A Dislocated Jaw in Mid-Air

A couple of month ago, I was on my way back from Bhubaneshwar with a couple of other doctor friends. I was trying to catch up on some shows on my iPAD and had my noise-canceling QC-20 earphones on, when one of my colleagues nudged me. I looked at him and he signalled me to remove the headphones. The flight attendant had made an announcement for a doctor on board.

This isn’t something new. At least once in 10-15 flights, there is some announcement or the other asking for a doctor. Most often a passenger has fainted or has chest pain or is feeling “terrible”. Most often, with a little reassurance and some simple measures, these problems can be sorted out. And like most doctors, I am happy to help out if there is a real emergency or problem, including road-side accidents, etc.

Both of us got up to go towards the back of the Indigo aircraft. The air-hostess led us to a lady who apparently was in some discomfort. When we asked what the problem was, the son told us that while she was eating something, she took a larger than usual bite, heard a click and was not able to close her mouth. Effectively she had dislocated her right temporo-mandibular joint (TMJ), the joint just in front of the ear. By the time we reached, she was able to partly close her mouth, but she still had a little pain and wanted a doctor on flight to treat her dislocation.

I didn’t know how to react. This was not a medical emergency. She was not dying, blood was not dripping, she wasn’t even in a situation, where perhaps the relatives felt she might be dying or in a serious situation. She had managed to dislocate her TMJ and now wanted some doctor on the flight to help her.


Where does this end? This time it was a dislocated TMJ, the next time it might be a fallen tooth, or watering of the eyes, or a dripping nose, or a broken spectacle.

Doctor passengers are not doctors on board. We don’t have a responsibility to take care of the passengers’ health or problems that arise on flight, unless of course there is a serious emergency or problem. Even then, often there isn’t much we can do, but at least we can do something better than the passengers and we are happy to help.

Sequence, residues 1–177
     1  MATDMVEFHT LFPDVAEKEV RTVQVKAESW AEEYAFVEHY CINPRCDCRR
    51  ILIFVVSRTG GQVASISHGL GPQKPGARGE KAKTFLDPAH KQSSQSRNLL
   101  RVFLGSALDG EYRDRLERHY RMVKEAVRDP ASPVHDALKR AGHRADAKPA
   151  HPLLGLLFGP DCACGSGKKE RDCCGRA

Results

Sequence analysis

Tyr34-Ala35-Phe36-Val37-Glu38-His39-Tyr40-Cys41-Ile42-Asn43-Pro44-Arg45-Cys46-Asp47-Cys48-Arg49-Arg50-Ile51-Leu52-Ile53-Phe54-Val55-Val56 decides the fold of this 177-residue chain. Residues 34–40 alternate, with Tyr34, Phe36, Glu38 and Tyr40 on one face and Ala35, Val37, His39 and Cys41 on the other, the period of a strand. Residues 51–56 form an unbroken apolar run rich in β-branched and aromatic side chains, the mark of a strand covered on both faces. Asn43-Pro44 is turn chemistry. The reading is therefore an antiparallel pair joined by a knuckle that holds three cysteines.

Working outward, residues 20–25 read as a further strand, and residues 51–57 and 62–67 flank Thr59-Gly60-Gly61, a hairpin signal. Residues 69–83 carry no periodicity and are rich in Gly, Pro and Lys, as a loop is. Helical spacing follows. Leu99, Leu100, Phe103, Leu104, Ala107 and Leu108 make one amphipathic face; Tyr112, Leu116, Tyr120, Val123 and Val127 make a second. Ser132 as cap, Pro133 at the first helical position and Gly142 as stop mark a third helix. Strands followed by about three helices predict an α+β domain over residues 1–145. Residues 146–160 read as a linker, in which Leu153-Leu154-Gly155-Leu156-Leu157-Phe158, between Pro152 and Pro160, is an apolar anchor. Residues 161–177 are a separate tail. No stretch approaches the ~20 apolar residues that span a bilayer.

What did I do?

I reassured them that it was not an acute medical emergency that would kill her, told her to bear it, take a pain-killer if she had one (I didn’t) and then go to a nearby hospital after they landed. They didn’t like it. The son wanted to say something, but we walked away. Forget the fact that we know nothing about reducing TMJ dislocations, a job really meant for a plastic or oro-maxillofacial surgeon, but even if we did, unless it was something really simple and perhaps even then, this was not my/our responsibility.

Which is also why I hate talking to co-passengers. The moment they come to know I am a doctor, either they want to find out if I know the doctors they know or are their friends or family or they start talking about their diseases. I am really, really not interested in a co-passenger’s medical problem, nor do I want to get involved and also don’t really want to know who their doctor friends and family are.

This may seem cold-hearted to many readers who think doctors are supposed to be “on duty” every moment of the day or equate all of us to their old GPs, who used to not charge and treat anyone and everyone like God’s messengers, but we already have enough on our plate as it is.

On the contrary! I, like many others, am very serious about my profession and patients and will do the best we can to ensure their well-being. Friends and family also lean on us and we are happy to help. But we are not bound to help strangers who have a little discomfort that they believe is an emergency, but in reality is not.

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